Switched or Not?: the Structure of Unphosphorylated CheY Bound to the N Terminus of FliM.Dyer, C.M., Dahlquist, F.W.
(2006) J Bacteriol 188: 7354-7363
- PubMed: 17050923
- DOI: 10.1128/JB.00637-06
- Primary Citation of Related Structures:
- PubMed Abstract:
Phosphorylation of Escherichia coli CheY increases its affinity for its target, FliM, 20-fold. The interaction between BeF(3)(-)-CheY, a phosphorylated CheY (CheY approximately P) analog, and the FliM sequence that it binds has been described previously in molecular detail ...
Phosphorylation of Escherichia coli CheY increases its affinity for its target, FliM, 20-fold. The interaction between BeF(3)(-)-CheY, a phosphorylated CheY (CheY approximately P) analog, and the FliM sequence that it binds has been described previously in molecular detail. Although the conformation that unphosphorylated CheY adopts in complex with FliM was unknown, some evidence suggested that it is similar to that of CheY approximately P. To resolve the issue, we have solved the crystallographic structure of unphosphorylated, magnesium(II)-bound CheY in complex with a synthetic peptide corresponding to the target region of FliM (the 16 N-terminal residues of FliM [FliM(16)]). While the peptide conformation and binding site are similar to those of the BeF(3)(-)-CheY-FliM(16) complex, the inactive CheY conformation is largely retained in the unphosphorylated Mg(2+)-CheY-FliM(16) complex. Communication between the target binding site and the phosphorylation site, observed previously in biochemical experiments, is enabled by a network of conserved side chain interactions that partially mimic those observed in BeF(3)(-)-activated CheY. This structure makes clear the active role that the beta4-alpha4 loop plays in the Tyr(87)-Tyr(106) coupling mechanism that enables allosteric communication between the phosphorylation site and the target binding surface. Additionally, this structure provides a high-resolution view of an intermediate conformation of a response regulator protein, which had been generally assumed to be two state.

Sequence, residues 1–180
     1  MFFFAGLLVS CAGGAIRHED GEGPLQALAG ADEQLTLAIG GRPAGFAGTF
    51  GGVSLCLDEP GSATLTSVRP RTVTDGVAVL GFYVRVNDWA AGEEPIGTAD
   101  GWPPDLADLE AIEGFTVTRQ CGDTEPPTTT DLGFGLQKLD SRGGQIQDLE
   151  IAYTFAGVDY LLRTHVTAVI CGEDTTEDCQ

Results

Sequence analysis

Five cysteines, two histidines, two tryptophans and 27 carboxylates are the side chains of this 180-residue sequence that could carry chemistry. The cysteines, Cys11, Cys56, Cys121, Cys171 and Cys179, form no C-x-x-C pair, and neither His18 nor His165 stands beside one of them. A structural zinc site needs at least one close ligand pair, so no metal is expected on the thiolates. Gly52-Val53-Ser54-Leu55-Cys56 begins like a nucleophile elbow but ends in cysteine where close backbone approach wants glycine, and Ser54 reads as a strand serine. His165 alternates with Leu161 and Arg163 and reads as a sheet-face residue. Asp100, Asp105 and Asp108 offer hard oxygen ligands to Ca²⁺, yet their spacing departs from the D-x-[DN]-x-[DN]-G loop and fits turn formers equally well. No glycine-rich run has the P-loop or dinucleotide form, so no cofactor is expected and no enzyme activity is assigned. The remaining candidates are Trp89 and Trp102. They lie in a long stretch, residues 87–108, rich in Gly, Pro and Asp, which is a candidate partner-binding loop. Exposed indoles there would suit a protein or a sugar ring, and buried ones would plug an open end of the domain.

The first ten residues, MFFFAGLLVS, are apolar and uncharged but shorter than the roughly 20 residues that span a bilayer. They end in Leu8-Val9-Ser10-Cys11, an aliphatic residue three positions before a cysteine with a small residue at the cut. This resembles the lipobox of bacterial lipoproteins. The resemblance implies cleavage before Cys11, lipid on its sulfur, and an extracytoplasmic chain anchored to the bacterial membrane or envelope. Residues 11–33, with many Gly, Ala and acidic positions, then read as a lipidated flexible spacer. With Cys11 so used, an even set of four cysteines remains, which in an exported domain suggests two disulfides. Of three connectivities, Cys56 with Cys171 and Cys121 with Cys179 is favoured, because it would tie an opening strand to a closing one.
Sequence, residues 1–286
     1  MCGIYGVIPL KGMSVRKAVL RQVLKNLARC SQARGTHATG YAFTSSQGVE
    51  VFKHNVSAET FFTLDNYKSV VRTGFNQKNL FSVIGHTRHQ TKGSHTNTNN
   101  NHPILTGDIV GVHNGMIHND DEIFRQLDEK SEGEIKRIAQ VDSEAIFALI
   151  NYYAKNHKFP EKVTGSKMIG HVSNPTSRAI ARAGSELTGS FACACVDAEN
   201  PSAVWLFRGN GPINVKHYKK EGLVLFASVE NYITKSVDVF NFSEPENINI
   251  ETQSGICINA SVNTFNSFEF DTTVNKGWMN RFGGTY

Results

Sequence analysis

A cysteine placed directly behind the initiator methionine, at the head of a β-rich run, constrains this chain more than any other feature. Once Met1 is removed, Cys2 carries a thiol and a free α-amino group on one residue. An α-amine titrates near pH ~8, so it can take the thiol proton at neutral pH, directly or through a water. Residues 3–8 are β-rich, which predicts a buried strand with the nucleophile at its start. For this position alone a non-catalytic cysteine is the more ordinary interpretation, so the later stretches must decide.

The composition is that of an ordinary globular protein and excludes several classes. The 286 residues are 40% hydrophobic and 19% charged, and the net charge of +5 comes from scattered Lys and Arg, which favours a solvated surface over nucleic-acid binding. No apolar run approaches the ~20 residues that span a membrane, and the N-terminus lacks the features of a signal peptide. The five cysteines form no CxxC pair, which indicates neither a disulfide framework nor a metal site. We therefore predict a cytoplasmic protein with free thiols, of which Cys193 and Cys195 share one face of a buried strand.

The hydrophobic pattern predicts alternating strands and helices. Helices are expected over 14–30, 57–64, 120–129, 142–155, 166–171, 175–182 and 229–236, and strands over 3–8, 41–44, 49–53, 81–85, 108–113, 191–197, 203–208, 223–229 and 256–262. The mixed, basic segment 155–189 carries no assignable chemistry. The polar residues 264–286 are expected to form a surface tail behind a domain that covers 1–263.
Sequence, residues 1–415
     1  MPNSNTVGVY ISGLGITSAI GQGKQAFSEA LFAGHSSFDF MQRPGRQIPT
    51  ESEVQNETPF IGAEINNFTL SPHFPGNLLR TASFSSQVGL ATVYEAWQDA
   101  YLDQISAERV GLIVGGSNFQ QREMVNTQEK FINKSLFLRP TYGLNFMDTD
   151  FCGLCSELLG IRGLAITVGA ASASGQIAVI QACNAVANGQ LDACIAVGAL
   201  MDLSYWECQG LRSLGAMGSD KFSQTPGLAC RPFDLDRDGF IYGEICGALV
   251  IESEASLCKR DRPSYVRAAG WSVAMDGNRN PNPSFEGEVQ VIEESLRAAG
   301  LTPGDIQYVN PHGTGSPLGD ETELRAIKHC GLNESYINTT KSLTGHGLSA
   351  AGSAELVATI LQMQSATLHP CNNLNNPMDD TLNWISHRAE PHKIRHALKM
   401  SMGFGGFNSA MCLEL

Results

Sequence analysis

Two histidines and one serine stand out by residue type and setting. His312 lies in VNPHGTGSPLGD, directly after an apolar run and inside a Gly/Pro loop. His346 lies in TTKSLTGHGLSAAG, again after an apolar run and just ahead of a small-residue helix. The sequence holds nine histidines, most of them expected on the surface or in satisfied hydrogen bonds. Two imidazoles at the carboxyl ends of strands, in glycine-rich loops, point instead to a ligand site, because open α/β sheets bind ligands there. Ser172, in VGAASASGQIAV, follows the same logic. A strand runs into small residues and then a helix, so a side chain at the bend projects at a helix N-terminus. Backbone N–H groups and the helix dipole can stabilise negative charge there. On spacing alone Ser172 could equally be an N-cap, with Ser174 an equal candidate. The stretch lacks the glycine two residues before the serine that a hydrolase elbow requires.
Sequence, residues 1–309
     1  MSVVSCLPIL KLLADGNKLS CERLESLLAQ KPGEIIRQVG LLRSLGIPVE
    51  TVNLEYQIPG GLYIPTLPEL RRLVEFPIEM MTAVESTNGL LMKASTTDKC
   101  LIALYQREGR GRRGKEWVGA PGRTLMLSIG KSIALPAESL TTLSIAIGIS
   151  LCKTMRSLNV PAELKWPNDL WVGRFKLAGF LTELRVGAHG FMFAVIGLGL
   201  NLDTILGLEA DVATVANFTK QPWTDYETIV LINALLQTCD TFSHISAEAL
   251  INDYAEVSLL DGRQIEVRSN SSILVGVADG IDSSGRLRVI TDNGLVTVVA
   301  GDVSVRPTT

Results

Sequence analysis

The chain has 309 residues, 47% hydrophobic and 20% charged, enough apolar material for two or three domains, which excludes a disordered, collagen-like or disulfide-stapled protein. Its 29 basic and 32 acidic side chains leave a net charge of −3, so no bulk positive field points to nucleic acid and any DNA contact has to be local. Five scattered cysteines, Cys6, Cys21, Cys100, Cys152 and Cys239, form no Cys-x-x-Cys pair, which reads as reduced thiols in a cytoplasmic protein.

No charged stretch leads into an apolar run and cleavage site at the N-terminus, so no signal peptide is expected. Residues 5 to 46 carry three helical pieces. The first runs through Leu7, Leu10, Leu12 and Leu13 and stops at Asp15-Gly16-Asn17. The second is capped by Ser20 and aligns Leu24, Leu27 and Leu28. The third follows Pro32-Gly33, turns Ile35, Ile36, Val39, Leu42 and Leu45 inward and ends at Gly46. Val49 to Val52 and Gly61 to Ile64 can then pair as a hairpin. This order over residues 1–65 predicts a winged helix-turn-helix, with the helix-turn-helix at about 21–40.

Department of Chemistry and Biochemistry, University of California at Santa Barbara, 93106, USA.